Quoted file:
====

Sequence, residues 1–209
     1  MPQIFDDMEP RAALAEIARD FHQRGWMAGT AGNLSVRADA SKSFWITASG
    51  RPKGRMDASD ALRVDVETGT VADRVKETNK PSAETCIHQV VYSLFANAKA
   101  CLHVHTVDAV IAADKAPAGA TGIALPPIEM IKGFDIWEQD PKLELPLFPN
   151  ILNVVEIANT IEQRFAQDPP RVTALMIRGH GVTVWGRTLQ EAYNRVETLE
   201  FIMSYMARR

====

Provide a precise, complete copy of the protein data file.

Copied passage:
Sequence, residues 1–209
     1  MPQIFDDMEP RAALAEIARD FHQRGWMAGT AGNLSVRADA SKSFWITASG
    51  RPKGRMDASD ALRVDVETGT VADRVKETNK PSAETCIHQV VYSLFANAKA
   101  CLHVHTVDAV IAADKAPAGA TGIALPPIEM IKGFDIWEQD PKLELPLFPN
   151  ILNVVEIANT IEQRFAQDPP RVTALMIRGH GVTVWGRTLQ EAYNRVETLE
   201  FIMSYMARR